automatically establish a lock on, and though we have yet to see what
NetDevil is up to on the group interaction front, Scott did much to
assuage our fears that this would be Auto Assault in space. You can see
more about combat in our href="http://www.tentonhammer.com/node/74260">latest video
with NetDevil's Scott Brown. But I'd have to say that despite the
novelty and interesting things Cryptic is doing with STO, for
dogfighting depth, epic environments, and tilt, JGE would get my vote
if both games were launched today. 

Agree, disagree? Share your opinion from what you've seen in the href="http://forums.tentonhammer.com/showthread.php?t=46207">Loading...

style="font-weight: bold;">Shayalyn's Epic Thread of
the Day

From our href="http://forums.tentonhammer.com/forumdisplay.php?f=589">Aion
General Discussion

never thought I'd say this...

has confessed his passion for...clerics; specifically, clerics in Aion.
Although he's never enjoyed a healing class before, he's in "fricking
love" with clerics. I can relate. Healbot classes have never done it
for me, but my Chanter is hella fun because she's anything but a
healbot--she can heal, buff, and dish out damage. I've never much liked
warrior types, either, and yet my gladiator seems to kick some ass and
leads me to play much later into the evening than I probably should.

you found yourself enjoying a class in Aion that you haven't much liked
in other MMOs? Has venturing into Atreia taken you out of your comfort
zone? href="http://forums.tentonhammer.com/showthread.php?t=46227">Confess!

Awesome Quotes from the
Epic Thread

"It amazes me how Aion
has gotten
us to play the classes we don't normally play. I tend to pick rogue
classes in the MMOs I play, but I have gone with a gladiator in Aion
because they dish out some epic damage.

- Metal

Have you spotted an Epic Thread on our forums? href="http://forums.tentonhammer.com/showthread.php?t=32559">Tell

2 new MMOG home-grown articles today! 31
983 in

Today's New MMO Coverage, Features, and Guides

  • Global
    - Two New Maps & Female Character Models Video

    our first live in-game video look at Global Agenda, we met up with
    Executive Producer Todd Harris at PAX 2009 to see female character
    models for the first time, as well as the new Ravine and Seaside maps.
    We'll also ask Todd about what the Hi Rez team learned from the first
    round of beta tests and see some of the changes in action with this new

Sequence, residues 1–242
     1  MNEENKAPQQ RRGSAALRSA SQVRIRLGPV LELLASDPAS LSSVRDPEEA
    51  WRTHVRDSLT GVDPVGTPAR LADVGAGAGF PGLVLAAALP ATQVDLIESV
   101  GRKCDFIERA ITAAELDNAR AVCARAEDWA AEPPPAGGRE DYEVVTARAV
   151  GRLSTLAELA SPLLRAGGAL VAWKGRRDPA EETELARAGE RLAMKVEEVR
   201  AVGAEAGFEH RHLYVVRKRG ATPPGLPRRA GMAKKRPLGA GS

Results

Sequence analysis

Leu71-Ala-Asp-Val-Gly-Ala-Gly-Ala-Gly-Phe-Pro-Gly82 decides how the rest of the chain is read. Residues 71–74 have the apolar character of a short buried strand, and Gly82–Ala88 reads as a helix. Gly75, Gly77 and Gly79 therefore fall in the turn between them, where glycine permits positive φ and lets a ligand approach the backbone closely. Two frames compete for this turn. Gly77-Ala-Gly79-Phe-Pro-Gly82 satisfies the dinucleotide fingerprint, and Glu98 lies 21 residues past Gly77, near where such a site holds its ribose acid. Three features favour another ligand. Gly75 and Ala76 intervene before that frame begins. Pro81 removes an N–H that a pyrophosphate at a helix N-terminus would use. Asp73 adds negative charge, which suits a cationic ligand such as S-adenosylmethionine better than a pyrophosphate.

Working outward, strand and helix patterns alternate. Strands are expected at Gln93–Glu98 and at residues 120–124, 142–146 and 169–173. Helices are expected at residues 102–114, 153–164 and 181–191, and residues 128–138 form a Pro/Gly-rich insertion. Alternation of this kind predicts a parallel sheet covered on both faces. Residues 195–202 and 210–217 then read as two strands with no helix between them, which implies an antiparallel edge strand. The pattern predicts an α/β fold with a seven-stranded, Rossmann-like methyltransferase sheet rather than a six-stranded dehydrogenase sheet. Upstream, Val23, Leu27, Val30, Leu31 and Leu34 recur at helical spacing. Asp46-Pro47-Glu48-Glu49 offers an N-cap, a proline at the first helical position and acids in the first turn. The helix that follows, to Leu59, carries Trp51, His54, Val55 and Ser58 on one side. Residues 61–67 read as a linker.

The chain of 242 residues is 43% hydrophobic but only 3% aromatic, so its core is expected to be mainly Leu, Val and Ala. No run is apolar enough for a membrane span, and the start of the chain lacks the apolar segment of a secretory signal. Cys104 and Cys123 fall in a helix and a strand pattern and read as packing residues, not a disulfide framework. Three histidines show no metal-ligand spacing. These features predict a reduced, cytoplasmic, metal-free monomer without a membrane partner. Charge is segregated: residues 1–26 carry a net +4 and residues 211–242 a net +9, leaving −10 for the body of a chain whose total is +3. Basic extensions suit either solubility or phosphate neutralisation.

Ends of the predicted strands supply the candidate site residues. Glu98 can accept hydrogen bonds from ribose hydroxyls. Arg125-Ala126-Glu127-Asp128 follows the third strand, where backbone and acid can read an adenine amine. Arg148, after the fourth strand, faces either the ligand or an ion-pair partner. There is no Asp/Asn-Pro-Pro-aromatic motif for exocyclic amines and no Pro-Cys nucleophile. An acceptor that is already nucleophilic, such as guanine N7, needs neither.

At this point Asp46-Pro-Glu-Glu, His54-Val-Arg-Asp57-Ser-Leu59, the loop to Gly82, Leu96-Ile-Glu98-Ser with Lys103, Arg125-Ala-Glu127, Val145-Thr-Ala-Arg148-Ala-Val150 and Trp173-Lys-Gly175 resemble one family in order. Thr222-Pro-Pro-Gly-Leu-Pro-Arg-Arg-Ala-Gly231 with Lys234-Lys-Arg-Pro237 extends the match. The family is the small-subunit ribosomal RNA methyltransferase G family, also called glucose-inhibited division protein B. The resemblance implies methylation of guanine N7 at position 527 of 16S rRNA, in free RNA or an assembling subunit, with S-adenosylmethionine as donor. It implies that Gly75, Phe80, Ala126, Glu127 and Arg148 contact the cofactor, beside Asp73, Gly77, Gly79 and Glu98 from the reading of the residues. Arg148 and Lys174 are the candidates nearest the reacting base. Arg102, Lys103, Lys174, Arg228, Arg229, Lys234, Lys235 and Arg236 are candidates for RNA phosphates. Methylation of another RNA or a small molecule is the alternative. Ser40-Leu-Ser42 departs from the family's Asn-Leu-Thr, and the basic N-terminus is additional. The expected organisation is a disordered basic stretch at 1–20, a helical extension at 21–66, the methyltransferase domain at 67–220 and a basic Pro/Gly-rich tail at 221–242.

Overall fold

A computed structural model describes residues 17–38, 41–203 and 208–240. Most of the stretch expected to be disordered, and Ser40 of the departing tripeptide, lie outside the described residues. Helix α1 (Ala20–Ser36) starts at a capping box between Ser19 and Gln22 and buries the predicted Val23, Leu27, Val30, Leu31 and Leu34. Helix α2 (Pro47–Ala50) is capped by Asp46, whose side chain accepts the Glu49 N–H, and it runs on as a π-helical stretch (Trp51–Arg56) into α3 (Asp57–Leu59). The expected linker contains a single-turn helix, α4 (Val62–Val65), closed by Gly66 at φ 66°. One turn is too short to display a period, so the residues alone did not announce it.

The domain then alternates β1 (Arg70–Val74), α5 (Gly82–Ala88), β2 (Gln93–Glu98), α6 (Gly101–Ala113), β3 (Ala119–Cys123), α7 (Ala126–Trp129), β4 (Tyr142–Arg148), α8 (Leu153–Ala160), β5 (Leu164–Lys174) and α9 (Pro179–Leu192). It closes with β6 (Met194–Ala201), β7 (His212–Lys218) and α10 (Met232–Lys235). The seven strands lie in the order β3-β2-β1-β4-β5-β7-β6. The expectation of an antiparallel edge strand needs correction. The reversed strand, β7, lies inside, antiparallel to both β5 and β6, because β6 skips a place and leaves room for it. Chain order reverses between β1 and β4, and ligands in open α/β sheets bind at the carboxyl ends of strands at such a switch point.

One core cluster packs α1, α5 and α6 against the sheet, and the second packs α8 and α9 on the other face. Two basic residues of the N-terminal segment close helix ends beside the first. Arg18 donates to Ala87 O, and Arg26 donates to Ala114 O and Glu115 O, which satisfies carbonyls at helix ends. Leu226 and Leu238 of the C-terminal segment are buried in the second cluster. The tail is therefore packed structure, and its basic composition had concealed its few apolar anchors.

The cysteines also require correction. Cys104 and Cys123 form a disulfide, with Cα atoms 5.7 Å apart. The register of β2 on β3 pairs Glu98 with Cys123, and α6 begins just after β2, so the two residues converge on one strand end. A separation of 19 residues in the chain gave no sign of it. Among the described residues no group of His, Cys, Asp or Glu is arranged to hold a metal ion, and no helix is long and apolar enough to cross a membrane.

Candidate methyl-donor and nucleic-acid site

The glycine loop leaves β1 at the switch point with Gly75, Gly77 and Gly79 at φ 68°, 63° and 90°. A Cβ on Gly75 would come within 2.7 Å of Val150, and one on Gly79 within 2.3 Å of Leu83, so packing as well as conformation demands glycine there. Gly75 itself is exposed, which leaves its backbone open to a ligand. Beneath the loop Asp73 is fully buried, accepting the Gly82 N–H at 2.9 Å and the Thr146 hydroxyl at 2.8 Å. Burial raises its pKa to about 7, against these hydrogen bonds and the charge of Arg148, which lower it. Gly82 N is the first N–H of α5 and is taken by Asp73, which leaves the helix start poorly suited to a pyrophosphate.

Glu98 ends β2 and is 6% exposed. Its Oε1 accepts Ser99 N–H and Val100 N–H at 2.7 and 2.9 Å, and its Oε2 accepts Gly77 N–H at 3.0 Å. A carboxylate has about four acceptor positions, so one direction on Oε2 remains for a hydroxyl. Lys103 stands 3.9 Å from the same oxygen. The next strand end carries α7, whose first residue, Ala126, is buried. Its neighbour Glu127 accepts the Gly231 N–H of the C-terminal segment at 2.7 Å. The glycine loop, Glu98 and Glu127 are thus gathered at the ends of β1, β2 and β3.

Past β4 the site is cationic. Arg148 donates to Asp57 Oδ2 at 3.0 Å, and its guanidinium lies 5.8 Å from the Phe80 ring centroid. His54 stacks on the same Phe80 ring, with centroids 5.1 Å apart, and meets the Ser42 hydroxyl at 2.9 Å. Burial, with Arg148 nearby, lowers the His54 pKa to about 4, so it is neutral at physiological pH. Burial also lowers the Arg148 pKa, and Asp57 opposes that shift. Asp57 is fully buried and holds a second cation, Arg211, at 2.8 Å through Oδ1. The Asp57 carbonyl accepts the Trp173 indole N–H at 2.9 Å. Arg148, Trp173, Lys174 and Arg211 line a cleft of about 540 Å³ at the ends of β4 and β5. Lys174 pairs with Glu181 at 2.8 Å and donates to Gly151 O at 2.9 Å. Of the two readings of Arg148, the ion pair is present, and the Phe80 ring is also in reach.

twelve minute in-game video from the floor at PAX 2009. Enjoy!
  • The
    Thrill of Success – An Interview with Perfect World

    Over the past year, Perfect World International has dedicated itself to
    introducing North American gamers to its deep character creation
    system, numerous (and funky) flying mounts, and fresh player races. In
    doing that, they’ve attracted over 1.5 million players, and Ten Ton
    Hammer wouldn’t be surprised if they still retained a nice chunk of
    those players. So what has the team done to make the game so
    successful? Ten Ton Hammer sat down with Jon Beliss to find out.

Hottest Content:

  1. Global
    - Two New Maps & Female Character Models Video
  2. An
    In-Game Tour of Jumpgate Evolution with NetDevil's
    Scott Brown (video)
  3. First
    Ever Look at PvP in The Secret World
  4. The
    Thrill of Success – An Interview with Perfect World
  5. Aion's
    Lani Blazier on 1.5, Pre-Launch Improvements, and More
  6. EVE
    - Sins of a Solar Spymaster #26 – The Doomsday Epitaph
  7. Fallen
    : Exclusive Interview on Factions, Beta and Beyond
  8. Earth
    Interview with Creative Director Matt Mihaly
  9. The
    Future of Tyria: An Exclusive Guild Wars 2 Interview
  10. href="http://www.tentonhammer.com/cal_crowner/interview/stygian_abyss">Ultima
    : Stygian Abyss Interview with Producer Cal

Thanks for visiting the Ten Ton Hammer network! 

- Jeff "Ethec" Woleslagle and the Ten Ton Hammer team

Last Updated: Mar 13, 2016

About The Author

Jeff joined the Ten Ton Hammer team in 2004 covering EverQuest II, and he's had his hands on just about every PC online and multiplayer game he could since.